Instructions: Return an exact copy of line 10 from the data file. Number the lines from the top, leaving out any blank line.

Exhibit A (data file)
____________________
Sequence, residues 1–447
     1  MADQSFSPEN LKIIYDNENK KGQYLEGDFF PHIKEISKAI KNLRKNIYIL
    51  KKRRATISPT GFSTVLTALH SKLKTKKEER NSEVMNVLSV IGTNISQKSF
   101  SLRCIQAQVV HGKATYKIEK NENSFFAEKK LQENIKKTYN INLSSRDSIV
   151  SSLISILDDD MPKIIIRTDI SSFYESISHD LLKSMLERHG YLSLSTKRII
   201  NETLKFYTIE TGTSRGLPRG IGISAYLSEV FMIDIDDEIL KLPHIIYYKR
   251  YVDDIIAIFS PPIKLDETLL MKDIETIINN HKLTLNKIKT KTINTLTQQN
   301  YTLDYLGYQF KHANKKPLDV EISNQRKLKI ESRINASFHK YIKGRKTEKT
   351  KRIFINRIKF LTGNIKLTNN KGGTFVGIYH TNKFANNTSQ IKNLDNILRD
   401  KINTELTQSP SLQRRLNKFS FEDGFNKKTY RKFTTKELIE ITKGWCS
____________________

   401  KINTELTQSP SLQRRLNKFS FEDGFNKKTY RKFTTKELIE ITKGWCS